Fabric mask pattern

A grey and white polkadot fabric mask. The face mask is fitted, so that the center line rises above the edges in a gentle curve. A single grey fabric tie loops through channels at the side of the mask, and the loose ends hang from the bottom of the channels.
The interior of the fabric face mask is white, with a sewn pocket at the top to hold a bendable nose wire.
The final fitted face mask exterior (left) and interior (right).

When the idea of wearing masks began floating around in March and April earlier this year, I started experimenting with sewing different online mask patterns. My ultimate goal was to find or draft a pattern using quilting cotton that could fit a variety of faces.

I combined two online patterns for fitted face masks to create a pattern that would work for a range of adult faces. Here is the pattern with instructions, digitized by Wendy Nishizaki:

Lauren’s Mask: Directions and Pattern

The goal

Create a mask that is:

The initial candidates

I started by sewing three different online patterns:

Basic surgical mask with 3 pleats


This style of mask calls for using either elastic (which has lately been in short supply) or non-stretchy fabric ties (which I made from quilter’s cotton with a bias tape maker and an iron) to hold the mask against the face. I found that this style of mask uses a lot of material and it doesn’t fit very close to the face. Without a nose wire, I found that on my face it left large open gaps on either side of my nose bridge while simultaneously squashing the tip of my nose. Additionally, the non-stretchy fabric ties were difficult to adjust and untie.

Olson mask

Source: UnityPoint Health (or from here or here)

After sewing this mask, I found that the top of the mask cheeks weren’t sloped enough; as a result, the mask sat too close to my eyes and kept touching the bottom of my glasses. I also found that there seemed to be lots of unnecessary fabric layers at the cheeks. The large amount of fabric was due to the sides of the mask being cut quite long – this allows the same pattern to be adopted to fit heads of dramatically different sizes by folding the sides over different amounts. The raw edges of the lining and external panels are completely finished before the sides of the mask get folded over to make side channels for straps; as a result, at least 4 layers of quilting cotton sit against the cheeks, making the whole contraption feel too warm and heavy.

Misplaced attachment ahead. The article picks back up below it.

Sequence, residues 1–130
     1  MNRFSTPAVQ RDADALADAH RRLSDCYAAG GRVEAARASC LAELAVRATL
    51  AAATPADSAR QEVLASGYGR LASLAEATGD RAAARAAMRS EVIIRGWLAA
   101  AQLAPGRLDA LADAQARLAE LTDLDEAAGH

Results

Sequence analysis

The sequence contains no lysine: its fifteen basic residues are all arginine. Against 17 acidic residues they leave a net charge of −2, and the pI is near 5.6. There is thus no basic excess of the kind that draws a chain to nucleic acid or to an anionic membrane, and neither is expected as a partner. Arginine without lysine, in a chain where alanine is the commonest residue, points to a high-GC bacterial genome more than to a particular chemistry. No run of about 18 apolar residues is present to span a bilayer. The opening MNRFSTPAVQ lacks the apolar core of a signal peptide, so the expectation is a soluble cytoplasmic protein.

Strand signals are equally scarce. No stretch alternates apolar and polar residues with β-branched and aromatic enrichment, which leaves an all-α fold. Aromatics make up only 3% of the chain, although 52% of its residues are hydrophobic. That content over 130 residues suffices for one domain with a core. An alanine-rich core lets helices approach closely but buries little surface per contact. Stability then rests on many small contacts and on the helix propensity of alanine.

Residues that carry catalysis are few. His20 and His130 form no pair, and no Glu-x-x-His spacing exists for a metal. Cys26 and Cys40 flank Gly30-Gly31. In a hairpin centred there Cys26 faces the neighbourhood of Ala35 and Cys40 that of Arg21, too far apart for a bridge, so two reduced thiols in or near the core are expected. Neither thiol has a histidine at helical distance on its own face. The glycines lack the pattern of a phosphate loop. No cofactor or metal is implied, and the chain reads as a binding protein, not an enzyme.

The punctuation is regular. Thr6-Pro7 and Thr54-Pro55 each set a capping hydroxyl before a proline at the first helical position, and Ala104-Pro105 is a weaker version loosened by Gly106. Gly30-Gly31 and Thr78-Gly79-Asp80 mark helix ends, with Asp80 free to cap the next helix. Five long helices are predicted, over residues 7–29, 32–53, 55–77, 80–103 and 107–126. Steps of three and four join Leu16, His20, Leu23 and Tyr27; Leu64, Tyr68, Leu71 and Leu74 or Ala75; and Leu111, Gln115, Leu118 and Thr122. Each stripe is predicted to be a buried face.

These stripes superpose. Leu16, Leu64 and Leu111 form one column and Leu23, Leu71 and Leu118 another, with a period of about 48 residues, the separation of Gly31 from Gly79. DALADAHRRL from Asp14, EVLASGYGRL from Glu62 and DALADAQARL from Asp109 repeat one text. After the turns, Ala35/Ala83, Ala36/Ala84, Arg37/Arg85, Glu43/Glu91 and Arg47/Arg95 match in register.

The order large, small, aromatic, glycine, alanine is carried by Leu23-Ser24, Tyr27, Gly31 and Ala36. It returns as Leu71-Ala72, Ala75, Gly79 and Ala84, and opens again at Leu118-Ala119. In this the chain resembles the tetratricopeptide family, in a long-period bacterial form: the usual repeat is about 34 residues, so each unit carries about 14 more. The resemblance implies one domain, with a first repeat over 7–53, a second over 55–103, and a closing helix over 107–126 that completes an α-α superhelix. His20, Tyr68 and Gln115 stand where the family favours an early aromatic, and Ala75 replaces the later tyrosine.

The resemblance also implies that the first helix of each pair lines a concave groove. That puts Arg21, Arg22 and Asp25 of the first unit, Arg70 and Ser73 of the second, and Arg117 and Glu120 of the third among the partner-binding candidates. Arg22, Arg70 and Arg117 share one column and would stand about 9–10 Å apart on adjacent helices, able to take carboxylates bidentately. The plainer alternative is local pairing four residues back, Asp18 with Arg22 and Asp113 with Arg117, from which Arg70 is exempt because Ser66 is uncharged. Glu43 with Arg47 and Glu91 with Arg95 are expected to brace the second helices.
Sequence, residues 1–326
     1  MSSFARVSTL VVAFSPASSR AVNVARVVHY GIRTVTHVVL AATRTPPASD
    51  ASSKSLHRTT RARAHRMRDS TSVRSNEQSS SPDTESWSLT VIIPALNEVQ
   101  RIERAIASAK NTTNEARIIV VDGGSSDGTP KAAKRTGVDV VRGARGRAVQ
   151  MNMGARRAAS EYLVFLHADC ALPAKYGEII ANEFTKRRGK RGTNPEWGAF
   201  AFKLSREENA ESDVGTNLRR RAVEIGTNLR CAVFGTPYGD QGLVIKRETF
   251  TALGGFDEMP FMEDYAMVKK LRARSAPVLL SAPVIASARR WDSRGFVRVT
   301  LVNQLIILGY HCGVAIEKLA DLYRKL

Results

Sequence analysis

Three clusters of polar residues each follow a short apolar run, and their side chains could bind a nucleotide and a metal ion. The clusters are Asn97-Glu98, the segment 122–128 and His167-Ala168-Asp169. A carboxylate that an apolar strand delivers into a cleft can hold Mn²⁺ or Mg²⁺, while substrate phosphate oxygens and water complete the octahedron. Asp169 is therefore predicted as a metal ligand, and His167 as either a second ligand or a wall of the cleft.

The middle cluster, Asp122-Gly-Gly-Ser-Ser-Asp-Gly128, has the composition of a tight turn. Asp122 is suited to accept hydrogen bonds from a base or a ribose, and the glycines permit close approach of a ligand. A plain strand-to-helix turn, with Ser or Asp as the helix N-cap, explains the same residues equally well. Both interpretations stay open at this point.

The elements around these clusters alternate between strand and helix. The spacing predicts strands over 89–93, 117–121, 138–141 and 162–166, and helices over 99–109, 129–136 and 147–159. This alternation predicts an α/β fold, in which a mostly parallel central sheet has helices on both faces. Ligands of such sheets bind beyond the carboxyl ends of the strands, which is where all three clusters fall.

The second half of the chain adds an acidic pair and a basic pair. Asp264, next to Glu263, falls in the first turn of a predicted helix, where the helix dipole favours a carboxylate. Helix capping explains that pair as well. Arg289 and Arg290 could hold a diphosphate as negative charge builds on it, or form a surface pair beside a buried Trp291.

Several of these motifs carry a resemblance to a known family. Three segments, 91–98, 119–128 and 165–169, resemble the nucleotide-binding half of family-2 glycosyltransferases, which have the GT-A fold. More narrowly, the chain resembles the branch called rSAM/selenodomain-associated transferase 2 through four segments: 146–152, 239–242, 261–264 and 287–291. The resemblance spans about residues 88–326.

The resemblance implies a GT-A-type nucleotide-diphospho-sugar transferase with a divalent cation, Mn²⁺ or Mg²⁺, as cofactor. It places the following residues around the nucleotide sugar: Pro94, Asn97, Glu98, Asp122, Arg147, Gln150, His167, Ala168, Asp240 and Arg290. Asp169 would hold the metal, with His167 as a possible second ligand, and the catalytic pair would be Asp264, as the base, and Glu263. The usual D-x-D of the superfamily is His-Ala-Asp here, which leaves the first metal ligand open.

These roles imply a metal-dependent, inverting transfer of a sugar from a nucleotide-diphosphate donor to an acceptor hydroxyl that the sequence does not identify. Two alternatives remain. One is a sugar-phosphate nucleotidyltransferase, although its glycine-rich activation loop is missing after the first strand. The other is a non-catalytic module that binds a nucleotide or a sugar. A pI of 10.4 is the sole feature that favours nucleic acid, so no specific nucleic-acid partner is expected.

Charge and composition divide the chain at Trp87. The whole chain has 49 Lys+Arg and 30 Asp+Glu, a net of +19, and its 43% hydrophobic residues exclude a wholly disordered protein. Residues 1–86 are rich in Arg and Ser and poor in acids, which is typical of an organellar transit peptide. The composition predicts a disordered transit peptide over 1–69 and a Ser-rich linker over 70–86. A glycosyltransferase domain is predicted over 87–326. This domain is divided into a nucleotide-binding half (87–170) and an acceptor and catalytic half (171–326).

Compared to the basic surgical mask style, I liked that this mask conformed to the shape of my nose and cheeks. I also really liked that it contained a nose wire. By experimenting with different wire shapes, I was able to seal up the gap on either side of my nose, which dramatically decreased the amount of hot air escaping near my eyes and fogging up my glasses.

Craft Passion mask

Source: Craft Passion

I created the Type A/C mask (A: normal mask, sans filter pocket; C: channel for a removable nose wire). I found that the women’s pattern fit my face well but was (surprise surprise) too small to fit my male partner’s face – it didn’t extend far enough past his chin. In general, I think this mask works poorly for faces with larger or pointier noses; because the top center of the mask angles steeply upwards, the gap on either side of a more prominent nose can be too large to close with a nose wire.

Overall, I liked that this mask contained less material than the Olson Mask; it felt significantly less heavy and constrictive and kept my face cooler.

The final mask

I combined the Olson mask and Craft Passion patterns to create my own pattern. The new mask follows the same nose shape as the Olson mask, but the angle of the cheeks and extent of the side panels match that of the Craft Passion women’s pattern. I adapted the nose wire channel fabric from the Craft Passion pattern to use less fabric, and the overall directions are similar to those for the Craft Passion mask.

Many mask patterns out there call for two loops at the side of the mask, one to go around each ear. However, when I tried these patterns with loops, my mask would gradually slide down my face as I talked. I also found that my bendy ear cartilage released the mask loops over time, and a mask attached with ear loops would just fall off my face.

My solution was to attach the mask to my head using a single band of stretch jersey fabric that started at the top/back of the head, threaded through the mask sides, then tied at the base of the neck.

Here are the complete pattern and sewing directions:

Lauren’s Mask: Directions and Pattern